City of London invites downtown businesses to talk bus rapid transit

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The City of London is inviting downtown businesses to air their concerns about bus rapid transit during two closed-door meetings with city engineers, transit representatives and councillors.

“Through the last public input session we had at the library, there were a number of questions that were raised,” explained acting city manager Martin Hayward.

“We felt it was important to go out and… speak with the business community, and the downtown, and make sure that we could cover off the issues they were raising. Or at least talk to them, and make sure they have been heard in the process.”

READ MORE: London Downtown Business Association commits to surveying members on rapid transit.

Hayward hopes the meetings will better illustrate the kinds of concerns that merchants have about London’s $560-million dollar bus rapid transit plan, and that business owners will also come away with a better understanding of why routes were proposed to run in an L-shape on King Street and Clarence Street, and a seven-shape on King Street and Wellington Road.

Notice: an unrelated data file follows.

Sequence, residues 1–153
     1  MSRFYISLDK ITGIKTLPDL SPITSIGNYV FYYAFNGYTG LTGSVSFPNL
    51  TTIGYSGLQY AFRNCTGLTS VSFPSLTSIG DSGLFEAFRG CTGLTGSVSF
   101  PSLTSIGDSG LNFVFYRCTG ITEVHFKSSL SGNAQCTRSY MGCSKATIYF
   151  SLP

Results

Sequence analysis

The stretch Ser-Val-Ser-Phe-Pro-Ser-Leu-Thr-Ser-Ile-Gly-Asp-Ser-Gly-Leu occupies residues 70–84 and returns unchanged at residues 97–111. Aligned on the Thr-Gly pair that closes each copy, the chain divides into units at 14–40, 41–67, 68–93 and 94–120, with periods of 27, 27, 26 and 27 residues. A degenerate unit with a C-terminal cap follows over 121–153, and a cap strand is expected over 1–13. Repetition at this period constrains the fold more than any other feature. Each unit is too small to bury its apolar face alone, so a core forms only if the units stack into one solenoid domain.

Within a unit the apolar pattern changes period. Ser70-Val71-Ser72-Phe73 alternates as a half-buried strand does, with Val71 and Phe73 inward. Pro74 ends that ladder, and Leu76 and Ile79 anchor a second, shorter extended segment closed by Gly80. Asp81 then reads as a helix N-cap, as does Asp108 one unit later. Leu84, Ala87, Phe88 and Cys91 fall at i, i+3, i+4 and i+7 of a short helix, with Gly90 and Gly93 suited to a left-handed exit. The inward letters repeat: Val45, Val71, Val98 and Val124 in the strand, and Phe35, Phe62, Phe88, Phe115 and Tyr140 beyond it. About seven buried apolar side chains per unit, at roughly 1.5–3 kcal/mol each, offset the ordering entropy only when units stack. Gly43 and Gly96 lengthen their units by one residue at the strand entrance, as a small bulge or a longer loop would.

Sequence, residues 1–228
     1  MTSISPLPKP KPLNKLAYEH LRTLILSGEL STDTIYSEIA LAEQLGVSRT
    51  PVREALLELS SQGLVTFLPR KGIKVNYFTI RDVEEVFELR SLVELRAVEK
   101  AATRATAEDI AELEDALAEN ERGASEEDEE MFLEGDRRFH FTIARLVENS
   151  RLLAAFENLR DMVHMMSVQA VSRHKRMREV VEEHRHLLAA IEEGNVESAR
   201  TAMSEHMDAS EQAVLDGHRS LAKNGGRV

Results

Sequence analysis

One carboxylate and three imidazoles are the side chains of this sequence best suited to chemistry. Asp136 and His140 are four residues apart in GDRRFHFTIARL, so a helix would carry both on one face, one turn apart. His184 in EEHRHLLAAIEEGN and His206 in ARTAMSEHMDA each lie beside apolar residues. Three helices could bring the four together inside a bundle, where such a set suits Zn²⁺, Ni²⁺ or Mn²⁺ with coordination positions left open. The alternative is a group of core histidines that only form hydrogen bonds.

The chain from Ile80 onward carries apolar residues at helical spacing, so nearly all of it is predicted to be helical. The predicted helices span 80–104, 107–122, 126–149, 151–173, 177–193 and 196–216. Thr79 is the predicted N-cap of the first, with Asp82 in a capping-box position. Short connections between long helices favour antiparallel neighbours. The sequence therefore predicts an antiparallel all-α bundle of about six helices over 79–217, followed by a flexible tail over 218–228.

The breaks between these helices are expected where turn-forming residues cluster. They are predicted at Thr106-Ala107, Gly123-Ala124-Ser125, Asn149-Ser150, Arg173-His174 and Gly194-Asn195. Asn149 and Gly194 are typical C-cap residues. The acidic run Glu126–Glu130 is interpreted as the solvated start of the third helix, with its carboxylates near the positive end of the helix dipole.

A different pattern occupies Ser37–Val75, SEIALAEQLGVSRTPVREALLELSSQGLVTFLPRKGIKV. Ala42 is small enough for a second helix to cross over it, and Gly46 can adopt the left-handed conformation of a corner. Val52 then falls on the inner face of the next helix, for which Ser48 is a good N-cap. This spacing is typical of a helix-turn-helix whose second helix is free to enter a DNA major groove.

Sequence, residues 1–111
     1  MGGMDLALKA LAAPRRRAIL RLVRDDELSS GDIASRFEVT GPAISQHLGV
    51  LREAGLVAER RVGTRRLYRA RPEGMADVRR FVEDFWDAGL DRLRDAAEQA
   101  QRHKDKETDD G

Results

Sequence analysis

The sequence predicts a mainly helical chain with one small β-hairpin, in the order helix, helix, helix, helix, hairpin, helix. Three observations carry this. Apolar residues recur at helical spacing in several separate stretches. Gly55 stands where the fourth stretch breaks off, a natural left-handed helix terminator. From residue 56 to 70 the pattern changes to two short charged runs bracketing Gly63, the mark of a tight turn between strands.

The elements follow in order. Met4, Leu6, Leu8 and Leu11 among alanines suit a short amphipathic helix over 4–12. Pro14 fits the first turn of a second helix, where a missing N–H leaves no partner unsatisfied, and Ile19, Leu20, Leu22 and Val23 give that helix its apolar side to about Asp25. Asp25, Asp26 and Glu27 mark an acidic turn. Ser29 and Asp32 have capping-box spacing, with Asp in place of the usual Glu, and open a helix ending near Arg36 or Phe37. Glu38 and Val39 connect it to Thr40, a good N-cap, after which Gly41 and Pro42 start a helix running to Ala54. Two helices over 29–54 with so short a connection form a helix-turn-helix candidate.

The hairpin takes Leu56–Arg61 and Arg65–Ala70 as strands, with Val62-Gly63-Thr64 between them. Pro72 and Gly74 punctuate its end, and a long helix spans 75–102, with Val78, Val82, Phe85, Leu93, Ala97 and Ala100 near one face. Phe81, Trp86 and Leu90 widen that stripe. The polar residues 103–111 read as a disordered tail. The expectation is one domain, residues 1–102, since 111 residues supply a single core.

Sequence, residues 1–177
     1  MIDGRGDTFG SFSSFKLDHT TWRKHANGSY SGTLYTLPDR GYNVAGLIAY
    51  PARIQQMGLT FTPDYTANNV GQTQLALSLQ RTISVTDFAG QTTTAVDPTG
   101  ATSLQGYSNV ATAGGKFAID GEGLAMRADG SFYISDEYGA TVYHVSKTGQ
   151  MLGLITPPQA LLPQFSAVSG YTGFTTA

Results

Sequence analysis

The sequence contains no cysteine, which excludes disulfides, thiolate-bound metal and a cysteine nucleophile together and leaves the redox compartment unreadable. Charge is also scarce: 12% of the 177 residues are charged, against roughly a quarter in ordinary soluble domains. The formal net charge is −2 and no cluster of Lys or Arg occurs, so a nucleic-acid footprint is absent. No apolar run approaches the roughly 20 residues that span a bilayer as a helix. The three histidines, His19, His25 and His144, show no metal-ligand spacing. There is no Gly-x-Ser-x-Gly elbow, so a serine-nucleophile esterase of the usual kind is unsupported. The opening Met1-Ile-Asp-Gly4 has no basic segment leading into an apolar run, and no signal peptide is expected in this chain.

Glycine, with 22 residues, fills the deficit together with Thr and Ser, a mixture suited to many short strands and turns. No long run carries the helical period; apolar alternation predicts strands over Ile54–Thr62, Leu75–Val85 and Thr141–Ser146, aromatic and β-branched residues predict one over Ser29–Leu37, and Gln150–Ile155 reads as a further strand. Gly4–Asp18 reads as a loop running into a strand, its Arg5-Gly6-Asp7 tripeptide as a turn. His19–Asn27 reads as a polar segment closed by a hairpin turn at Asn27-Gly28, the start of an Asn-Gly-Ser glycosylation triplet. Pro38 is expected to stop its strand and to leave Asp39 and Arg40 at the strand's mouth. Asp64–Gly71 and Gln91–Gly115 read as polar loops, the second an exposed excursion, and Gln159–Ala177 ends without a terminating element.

“One of the big things I’ve taken away so far, is that everybody wants rapid transit. Everybody wants the federal and provincial government to contribute their fair share to London, and they just want us to do it right. And part of doing it right, is making sure we engage properly,” Hayward explained.

At a bus rapid transit implementation working group meeting two weeks ago, politicians agreed to send staff back to the drawing board for alternative corridors, and to meet with downtown business owners, but it has yet to go to full council for approval.

READ MORE: London’s rapid transit implementation working group recommends additional public input meeting

A group of downtown business owners dubbed Down Shift has been putting pressure on city hall to stop moving ahead with the transit plan; they’ve collected more than 130 signatures on a petition they’ll give to Mayor Matt Brown and council.

Areas of concern include a 900-metre tunnel under Richmond Row that would run between St. Joseph’s Hospital and Victoria Park, and two rapid transit lanes on King Street that would limit vehicle traffic to a single eastbound lane and remove on-street parking.

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